Whether it is the demonising of a certain food group or the power of “superfoods'' being highly exaggerated, nutritional advice has a way of being dramaticised, taken out of context or even completely misguided. After that, hearing the same statement made repeatedly – especially if by different authorities – can make anyone begin to consider them true.
Here are five common nutrition myths, along with the scientifically-proven facts that disprove them:
Myth #1: “Saturated fat is bad”
Saturated fats (SFAs) are often considered bad, mainly for an allegedly negative impact on our heart health.
According to research, though, consuming saturated fats has no significant association with the development of heart issues or stroke. Whole-fat dairy, unprocessed meat and dark chocolate are examples of SFA-rich foods that don’t have any correlation with an increased risk of cardiovascular diseases, contrary to popular belief [1, 2, 3, 4].
The health effects of any food item cannot be predicted by focusing only on a singular nutrient in it - especially without considering the other nutrients it contains. For example, dairy products are nutrient-dense but also contain SFAs. If their consumption is reduced, we also end up forgoing all the micronutrients that come with it (calcium, phosphorus, vitamin B-12, vitamin A and vitamin B2) .
Having said that, while an average healthy individual need not worry, people with existing medical conditions or high-cholesterol issues may need to watch their saturated fat intake.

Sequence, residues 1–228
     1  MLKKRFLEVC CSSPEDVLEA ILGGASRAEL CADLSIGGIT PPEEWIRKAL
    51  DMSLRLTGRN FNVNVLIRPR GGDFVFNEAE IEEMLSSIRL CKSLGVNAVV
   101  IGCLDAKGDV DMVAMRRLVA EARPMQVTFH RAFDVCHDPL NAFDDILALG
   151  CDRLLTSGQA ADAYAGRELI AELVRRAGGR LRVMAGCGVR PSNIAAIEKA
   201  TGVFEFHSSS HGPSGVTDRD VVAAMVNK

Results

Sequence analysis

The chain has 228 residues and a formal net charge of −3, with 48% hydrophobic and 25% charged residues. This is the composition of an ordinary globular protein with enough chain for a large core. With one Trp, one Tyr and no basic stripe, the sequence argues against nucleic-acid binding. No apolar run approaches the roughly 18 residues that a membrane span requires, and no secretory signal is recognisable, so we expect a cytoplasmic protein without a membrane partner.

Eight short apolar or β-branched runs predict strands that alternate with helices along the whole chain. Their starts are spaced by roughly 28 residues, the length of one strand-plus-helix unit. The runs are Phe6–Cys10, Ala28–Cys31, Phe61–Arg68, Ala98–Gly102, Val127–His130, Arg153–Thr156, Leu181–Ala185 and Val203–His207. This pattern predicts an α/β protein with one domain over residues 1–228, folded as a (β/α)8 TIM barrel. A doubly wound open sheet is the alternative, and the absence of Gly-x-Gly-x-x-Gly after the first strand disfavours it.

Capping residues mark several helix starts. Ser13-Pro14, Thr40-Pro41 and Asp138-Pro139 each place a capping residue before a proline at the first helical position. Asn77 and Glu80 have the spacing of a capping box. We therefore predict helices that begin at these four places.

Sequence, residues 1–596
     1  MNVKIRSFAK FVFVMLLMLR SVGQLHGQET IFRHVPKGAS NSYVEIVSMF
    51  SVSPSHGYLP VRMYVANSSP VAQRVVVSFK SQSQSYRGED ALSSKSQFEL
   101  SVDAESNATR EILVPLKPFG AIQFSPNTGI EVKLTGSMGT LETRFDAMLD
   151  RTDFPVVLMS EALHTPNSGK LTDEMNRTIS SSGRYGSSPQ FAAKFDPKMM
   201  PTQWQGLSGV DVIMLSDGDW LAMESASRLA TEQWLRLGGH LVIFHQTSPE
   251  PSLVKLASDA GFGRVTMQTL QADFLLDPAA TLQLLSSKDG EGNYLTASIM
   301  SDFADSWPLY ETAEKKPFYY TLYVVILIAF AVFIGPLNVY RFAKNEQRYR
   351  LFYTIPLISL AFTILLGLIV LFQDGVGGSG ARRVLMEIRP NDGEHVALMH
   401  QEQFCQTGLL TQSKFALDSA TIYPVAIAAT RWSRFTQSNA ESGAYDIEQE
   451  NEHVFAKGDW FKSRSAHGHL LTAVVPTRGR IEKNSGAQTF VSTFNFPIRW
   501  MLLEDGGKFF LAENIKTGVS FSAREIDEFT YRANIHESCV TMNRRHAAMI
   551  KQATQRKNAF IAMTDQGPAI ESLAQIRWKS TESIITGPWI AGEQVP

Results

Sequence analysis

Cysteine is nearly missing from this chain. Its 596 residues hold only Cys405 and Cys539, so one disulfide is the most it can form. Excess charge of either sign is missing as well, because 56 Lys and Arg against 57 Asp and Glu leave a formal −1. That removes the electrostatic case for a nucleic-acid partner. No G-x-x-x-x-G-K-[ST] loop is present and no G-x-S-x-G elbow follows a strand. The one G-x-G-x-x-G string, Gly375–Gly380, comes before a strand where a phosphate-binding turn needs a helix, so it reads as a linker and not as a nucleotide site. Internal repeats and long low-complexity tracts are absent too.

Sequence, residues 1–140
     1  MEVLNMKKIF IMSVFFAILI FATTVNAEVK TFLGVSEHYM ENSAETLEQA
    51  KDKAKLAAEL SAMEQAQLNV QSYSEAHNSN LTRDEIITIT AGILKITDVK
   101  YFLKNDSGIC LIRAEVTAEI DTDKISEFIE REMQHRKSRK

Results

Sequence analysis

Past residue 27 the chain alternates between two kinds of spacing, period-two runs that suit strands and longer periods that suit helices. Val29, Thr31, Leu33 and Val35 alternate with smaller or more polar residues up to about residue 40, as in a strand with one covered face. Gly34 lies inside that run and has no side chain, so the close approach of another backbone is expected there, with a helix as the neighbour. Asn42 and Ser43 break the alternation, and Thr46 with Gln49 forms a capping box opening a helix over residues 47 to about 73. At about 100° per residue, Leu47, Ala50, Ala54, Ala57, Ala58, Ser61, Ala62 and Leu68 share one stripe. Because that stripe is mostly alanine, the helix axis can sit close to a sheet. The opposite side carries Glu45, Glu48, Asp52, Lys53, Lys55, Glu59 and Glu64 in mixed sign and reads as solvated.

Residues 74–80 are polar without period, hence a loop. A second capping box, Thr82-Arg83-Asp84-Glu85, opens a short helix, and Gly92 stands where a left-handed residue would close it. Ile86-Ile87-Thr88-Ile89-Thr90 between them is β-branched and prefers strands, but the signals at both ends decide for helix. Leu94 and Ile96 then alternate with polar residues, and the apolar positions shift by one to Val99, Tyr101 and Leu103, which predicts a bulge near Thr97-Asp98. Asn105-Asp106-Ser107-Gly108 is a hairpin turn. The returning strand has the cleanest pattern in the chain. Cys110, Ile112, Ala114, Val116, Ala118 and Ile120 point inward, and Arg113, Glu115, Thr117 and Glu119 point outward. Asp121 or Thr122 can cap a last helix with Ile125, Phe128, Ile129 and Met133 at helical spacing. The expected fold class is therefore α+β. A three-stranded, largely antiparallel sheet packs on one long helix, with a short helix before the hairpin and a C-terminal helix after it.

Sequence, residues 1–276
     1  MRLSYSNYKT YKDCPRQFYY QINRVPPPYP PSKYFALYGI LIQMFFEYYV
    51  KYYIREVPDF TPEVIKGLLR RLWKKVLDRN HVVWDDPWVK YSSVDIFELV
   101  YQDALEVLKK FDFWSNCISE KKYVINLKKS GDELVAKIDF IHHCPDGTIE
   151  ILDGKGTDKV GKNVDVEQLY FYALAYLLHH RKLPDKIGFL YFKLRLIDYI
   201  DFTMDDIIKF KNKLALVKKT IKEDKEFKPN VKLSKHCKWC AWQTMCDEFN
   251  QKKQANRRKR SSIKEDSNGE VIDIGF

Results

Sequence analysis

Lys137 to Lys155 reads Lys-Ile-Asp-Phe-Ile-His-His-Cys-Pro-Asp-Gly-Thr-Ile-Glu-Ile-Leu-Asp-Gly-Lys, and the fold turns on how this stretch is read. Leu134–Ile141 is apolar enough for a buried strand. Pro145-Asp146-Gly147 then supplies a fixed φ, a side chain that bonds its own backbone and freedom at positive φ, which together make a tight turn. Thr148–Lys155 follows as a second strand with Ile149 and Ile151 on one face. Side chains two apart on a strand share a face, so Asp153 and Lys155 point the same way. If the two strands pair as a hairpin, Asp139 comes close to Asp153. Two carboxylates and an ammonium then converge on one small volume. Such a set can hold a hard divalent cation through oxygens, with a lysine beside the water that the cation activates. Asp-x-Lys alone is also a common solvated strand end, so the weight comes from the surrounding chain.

To sum it up: sticking to a reasonable amount of saturated fats, as you would find in a balanced diet, is perfectly safe for healthy individuals.
Myth #2: “Extra Virgin Olive oil is not suitable for cooking”
For an oil to be suitable for cooking, it has to have a high smoking point so it can stay stable at the high temperatures at which most of Indian food is cooked (170 °C and above) .
There’s a misconception around olive oil not being suitable for cooking because it purportedly has a lower smoking point than other oils.
However, scientific research doesn’t support this and, on the contrary, even states that high-quality unrefined extra virgin olive oil is highly stable when heated [7, 8, 9, 10, 11]. It not only has a high smoke point (around 190–207°C), but, most importantly, does not break down into harmful compounds (like some other oils do) when heated at high temperatures.
Researchers also found that vegetables that are fried or sautéed in olive oil contain added levels of antioxidants . That’s because of the presence of some polyphenols (a kind of antioxidant) in the oil, which get transferred into the food (also telling us that the antioxidants in olive oil are not lost when it’s heated). Additionally, an antioxidant called oleocanthal that’s present in olive oil possesses similar anti-inflammatory properties to ibuprofen (an anti-inflammatory prescription drug) .
To sum it up: A heat-stable oil that’s full of antioxidants is definitely a good choice for cooking!
Pro tip: Ensure you are buying a true ‘extra virgin olive oil’ by looking for “unrefined 100 percent extra virgin oil”, with a recent harvest date, in a dark bottle.
#Myth 3: “Salt is unhealthy”
Salt is mainly composed of two minerals, sodium and chloride, which have various functions in the body. Sodium is essential to controlling our blood pressure and for our nerves and muscles to work properly, and chloride helps maintain the body’s balance of fluids [14, 15]. This is why salt should not be unnecessarily avoided by people who don’t face problems with high blood pressure. In fact, many functions can go terribly wrong when we excessively restrict our salt intake [16, 17, 18].